The charter system has been a net positive for the teams in terms of an inherent value that has went from single digit millions of dollars to the latest purchase, Live Fast selling to Spire, costing a reported $40 million.

The Next Gen car, which will soon begin its third year, is meant to eventually become something closer to a fixed cost since it is a single source supplied spec car that doesn’t allow team to R&D and manufacture increasingly expensive parts.

That car continues to evolve, from both a safety and competition standpoint, so it’s not where the whole industry would like it to be from a cost containment standpoint. Some teams, including Denny Hamlin publicly, as suggested that teams could save money by building specific parts themselves.

In other words, each team would be tasked with a specific component and send them to NASCAR, where the parts would be certified and disseminated to their respective teams for competition.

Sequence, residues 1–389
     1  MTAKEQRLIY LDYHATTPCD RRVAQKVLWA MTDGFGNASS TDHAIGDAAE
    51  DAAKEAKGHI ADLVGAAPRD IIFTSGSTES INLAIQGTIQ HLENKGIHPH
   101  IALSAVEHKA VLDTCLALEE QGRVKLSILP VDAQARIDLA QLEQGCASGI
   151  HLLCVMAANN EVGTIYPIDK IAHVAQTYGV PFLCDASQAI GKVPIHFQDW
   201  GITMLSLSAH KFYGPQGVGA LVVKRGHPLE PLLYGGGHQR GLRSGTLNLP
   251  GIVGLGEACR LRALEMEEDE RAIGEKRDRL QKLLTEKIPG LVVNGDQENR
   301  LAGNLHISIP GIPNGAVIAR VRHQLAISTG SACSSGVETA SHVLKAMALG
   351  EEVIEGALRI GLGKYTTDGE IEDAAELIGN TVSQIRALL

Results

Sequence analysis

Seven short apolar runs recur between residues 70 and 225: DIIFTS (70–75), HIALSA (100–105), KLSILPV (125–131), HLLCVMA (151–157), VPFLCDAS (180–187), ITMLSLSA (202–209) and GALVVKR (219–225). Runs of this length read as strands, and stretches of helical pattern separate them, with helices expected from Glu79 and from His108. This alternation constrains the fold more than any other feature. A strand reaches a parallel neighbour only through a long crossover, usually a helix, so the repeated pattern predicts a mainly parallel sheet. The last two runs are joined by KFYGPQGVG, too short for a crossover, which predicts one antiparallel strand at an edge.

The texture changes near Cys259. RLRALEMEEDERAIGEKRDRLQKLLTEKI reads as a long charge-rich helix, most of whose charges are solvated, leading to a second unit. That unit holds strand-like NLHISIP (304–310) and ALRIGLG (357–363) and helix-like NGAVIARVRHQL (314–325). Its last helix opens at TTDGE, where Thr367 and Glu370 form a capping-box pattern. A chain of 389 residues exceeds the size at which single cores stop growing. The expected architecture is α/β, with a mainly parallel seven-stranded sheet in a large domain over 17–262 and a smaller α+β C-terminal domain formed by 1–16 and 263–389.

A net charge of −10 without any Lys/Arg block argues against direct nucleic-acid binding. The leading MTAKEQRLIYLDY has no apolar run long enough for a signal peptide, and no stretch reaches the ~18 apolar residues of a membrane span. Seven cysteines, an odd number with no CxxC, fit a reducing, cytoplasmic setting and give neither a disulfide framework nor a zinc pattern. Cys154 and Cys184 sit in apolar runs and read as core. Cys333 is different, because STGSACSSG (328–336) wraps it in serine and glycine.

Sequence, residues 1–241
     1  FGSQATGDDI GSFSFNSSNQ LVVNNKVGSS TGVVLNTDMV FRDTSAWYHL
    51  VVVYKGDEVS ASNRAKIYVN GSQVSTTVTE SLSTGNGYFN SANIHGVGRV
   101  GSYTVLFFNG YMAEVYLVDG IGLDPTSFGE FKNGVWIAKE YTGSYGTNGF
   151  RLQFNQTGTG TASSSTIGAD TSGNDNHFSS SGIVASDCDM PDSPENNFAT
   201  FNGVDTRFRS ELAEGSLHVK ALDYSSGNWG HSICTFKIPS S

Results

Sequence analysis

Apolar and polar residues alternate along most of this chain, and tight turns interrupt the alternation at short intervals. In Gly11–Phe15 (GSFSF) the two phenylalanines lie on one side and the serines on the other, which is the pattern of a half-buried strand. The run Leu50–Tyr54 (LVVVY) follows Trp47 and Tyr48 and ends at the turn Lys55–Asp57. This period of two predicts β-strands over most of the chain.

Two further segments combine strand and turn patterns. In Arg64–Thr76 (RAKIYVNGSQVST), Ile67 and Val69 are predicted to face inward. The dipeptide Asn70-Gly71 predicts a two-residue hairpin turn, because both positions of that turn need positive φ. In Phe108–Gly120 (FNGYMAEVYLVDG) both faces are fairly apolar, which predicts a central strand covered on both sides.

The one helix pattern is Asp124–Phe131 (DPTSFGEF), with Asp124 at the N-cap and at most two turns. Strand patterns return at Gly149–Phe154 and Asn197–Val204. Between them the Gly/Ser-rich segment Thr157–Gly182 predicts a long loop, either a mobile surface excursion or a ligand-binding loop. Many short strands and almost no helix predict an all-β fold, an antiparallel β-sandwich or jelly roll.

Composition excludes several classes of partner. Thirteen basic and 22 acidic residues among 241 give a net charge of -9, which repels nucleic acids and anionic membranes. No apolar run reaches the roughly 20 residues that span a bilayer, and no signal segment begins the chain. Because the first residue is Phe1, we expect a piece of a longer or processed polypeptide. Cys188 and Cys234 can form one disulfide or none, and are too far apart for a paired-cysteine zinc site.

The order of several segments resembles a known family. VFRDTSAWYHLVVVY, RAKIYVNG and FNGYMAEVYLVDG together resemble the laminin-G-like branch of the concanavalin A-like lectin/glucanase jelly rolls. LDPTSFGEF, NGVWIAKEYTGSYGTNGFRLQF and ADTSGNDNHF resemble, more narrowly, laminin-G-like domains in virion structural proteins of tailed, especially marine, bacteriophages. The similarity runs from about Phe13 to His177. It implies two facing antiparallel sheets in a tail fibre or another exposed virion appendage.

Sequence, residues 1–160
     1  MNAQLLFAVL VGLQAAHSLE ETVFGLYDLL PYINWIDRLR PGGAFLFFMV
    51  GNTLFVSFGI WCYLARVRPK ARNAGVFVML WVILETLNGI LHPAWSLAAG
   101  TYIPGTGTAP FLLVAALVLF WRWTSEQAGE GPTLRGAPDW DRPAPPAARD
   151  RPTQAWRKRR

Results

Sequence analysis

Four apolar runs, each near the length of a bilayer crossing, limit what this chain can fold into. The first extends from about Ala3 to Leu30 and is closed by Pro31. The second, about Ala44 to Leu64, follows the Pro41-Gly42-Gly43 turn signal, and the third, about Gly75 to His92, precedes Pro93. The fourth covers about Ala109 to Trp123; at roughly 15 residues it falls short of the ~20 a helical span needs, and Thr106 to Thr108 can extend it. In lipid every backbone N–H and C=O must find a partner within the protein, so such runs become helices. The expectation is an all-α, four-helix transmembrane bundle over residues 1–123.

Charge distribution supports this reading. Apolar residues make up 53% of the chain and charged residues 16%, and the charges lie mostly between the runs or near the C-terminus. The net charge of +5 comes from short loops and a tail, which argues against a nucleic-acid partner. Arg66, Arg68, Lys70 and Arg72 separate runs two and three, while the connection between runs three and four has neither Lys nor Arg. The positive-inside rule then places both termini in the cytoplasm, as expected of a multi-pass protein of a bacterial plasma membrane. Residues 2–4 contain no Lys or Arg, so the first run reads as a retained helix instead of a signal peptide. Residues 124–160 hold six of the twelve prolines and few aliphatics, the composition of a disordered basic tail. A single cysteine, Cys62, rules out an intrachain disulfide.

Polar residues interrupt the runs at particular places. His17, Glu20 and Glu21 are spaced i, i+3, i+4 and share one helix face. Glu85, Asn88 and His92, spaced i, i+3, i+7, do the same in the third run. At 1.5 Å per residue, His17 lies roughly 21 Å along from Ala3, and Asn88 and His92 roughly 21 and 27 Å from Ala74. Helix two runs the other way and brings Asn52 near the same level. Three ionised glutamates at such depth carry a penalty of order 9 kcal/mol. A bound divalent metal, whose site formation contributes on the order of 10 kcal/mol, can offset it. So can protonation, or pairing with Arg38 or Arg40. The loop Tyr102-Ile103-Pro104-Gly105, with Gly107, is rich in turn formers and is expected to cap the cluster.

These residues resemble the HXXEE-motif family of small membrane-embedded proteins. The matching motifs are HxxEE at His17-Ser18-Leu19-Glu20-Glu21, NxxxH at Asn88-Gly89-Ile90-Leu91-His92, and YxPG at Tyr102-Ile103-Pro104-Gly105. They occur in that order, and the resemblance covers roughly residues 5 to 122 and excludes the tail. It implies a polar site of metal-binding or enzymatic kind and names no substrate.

With a car that has its components purchased from single source suppliers, teams have laid off numerous employees since they are no longer doing the work themselves. The teams say they are still operating at a loss and the sanctioning body had previously told teams they needed to be leaner still.

What else is there to cut has been the frequent rebuttal.

Surely, that’s part of the negotiation process taking place right now too.

NASCAR currently has a deal with all its partner vendors, who each won a bid to produce the parts, that runs through the end of the 2024 season. If you notice the trend of everything running through 2024, that’s by design, as the entire fiscal foundation of the sport is held together by the broadcast rights.

So any major change to the car from both a short track competition standpoint or even a team cost-containment standpoint will also be determined by the recently extended charter negotiations window.

Matt Weaver is a Motorsports Insider for Sportsnaut. Follow him on Twitter.